The Labour leadership candidate accused the fashion giant of “appalling” working conditions, which ASOS strongly denied - stating that Smith had never visited the premises.
Speaking to The Huffington Post UK on Friday 12 August, Smith said: “I would be more than happy to visit the warehouse at Barnsley and talk to workers there myself.
“The allegations against ASOS - that staff are having to work in shocking conditions with insecure hours - are incredibly serious and deserve proper attention.”
Earlier this week, Smith called for a parliamentary investigation over staff conditions at the ASOS warehouse in Barnsley, Yorkshire.
In an open letter to the the business, innovation and skills committee chairman Iain Wright MP, Smith said he was “concerned” that the online retailer could be “the new Sports Direct”.
“Having met with the GMB [a trade union helping to protect workers], I’m appalled at reports that – among others – staff there are having to face invasive surveillance, limited access to toilet facilities and random searches during lunch breaks,” he wrote.
“I also understand staff are being employed on what are effectively sub-zero hour contracts, where workers face little to no notice of the hours they’re expected to work. And where staff are turning up to work only to be told they’ve got no allocated hours.”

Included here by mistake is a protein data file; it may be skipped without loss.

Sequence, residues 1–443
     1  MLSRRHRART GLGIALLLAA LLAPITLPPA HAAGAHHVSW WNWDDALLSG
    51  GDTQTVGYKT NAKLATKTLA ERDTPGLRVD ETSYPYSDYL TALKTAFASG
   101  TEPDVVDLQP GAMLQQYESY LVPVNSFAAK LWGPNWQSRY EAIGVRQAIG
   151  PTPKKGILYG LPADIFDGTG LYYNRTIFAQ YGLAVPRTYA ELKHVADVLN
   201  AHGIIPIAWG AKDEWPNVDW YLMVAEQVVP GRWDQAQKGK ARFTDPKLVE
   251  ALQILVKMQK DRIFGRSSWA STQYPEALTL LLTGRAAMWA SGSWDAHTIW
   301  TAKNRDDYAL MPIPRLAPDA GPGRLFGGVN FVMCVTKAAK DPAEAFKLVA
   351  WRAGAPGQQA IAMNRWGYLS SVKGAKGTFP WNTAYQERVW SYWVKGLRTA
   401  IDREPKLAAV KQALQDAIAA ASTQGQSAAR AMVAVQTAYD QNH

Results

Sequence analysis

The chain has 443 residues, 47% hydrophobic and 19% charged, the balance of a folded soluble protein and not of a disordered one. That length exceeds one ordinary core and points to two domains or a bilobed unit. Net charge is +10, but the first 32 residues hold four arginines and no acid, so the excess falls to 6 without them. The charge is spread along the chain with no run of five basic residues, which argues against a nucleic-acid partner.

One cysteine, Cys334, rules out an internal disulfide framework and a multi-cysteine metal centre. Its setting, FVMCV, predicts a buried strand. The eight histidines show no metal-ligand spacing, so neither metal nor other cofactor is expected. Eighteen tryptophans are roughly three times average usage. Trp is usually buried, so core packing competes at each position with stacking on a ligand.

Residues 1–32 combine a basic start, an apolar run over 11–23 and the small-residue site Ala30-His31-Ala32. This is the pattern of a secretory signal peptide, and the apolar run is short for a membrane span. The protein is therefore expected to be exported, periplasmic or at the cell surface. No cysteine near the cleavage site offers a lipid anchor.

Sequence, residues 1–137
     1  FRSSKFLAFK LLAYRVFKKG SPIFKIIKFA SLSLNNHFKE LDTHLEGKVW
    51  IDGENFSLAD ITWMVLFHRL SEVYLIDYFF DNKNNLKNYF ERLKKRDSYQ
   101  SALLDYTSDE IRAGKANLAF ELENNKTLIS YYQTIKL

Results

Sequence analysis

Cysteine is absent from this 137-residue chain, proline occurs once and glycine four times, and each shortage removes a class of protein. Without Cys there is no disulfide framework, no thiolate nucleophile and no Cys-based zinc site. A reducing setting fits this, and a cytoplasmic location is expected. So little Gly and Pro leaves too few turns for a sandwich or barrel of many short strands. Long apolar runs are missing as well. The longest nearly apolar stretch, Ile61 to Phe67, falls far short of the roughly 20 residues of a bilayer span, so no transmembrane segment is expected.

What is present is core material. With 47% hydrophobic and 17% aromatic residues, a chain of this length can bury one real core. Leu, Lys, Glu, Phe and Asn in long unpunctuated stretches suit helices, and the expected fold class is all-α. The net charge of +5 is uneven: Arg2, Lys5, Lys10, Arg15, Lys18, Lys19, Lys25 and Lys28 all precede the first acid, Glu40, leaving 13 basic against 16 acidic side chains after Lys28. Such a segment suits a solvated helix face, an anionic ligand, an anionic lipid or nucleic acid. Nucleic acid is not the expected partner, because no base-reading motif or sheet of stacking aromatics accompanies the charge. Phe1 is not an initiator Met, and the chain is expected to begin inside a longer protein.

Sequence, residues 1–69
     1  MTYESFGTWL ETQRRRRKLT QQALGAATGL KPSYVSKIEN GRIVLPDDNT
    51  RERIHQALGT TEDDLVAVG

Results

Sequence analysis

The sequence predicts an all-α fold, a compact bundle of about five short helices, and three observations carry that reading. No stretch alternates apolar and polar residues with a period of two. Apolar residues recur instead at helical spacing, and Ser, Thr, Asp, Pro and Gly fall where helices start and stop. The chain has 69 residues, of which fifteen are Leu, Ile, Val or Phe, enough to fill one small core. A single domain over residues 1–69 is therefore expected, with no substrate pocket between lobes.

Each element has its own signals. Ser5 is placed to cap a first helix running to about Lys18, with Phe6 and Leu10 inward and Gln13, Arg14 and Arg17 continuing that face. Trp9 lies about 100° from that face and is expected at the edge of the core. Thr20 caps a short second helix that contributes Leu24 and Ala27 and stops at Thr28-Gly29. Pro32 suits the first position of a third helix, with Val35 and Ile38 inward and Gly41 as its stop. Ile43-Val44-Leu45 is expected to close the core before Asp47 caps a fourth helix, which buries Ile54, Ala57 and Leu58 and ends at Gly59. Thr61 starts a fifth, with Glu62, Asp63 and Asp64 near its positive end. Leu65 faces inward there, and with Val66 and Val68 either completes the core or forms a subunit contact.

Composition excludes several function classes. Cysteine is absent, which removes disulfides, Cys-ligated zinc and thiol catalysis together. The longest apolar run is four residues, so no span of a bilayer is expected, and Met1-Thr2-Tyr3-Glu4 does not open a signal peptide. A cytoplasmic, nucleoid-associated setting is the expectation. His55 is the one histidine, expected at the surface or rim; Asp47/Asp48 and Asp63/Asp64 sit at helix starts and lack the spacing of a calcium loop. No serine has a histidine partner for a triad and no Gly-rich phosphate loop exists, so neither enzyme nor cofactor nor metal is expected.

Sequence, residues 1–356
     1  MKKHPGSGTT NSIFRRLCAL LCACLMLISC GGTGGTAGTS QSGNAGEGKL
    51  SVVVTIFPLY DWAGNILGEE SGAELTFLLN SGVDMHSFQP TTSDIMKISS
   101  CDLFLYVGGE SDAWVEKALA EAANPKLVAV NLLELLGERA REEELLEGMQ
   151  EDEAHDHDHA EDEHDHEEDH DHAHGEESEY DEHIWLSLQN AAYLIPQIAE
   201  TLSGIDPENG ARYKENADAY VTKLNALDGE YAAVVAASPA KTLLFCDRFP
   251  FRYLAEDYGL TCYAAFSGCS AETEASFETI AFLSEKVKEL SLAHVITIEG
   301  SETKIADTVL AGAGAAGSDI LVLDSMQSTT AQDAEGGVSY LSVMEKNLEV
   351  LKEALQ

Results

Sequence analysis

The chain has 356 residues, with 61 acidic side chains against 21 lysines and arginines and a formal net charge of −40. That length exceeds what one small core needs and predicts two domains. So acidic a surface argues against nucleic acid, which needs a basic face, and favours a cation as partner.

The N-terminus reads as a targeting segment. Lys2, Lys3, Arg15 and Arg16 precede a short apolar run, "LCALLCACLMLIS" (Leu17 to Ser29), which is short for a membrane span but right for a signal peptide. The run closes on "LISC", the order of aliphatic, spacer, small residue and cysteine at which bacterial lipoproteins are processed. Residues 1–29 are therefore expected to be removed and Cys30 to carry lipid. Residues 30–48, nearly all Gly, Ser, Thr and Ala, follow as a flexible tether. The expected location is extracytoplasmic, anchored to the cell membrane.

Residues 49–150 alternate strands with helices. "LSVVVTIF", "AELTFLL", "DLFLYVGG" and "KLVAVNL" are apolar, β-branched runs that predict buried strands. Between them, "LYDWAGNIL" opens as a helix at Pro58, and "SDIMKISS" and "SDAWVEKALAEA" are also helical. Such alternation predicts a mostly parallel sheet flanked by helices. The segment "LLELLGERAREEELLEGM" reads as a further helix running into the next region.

These claims were denied by an ASOS spokesperson in an official statement to Vogue on Thursday 11 August.
“We were surprised to see these allegations from Owen given that it was the first we had heard from him and he’s never been inside the warehouse,” they said.
“We work incredibly hard with XPO (the logistics company that manages the site) to create a positive, supportive, healthy working environment for the team in Barnsley.
“As we have now said on the record several times before - we don’t do zero-hours contracts, people can take toilet and water breaks whenever they want, and we pay above minimum wage.”
Yesterday ASOS was named as the UK’s most reputable fashion retailer among consumers in a RepTrap list published on Thursday 11 August.
The list, compiled by the Reputation Institute and based on almost 5000 interviews ranked British high street retailers' reputations among the general public.
Rounding out the top three are Laura Ashley and Debenhams, followed by Marks & Spencer and Next in fourth and fifth place respectively.
The Huffington Post UK has reached out to ASOS for comment.
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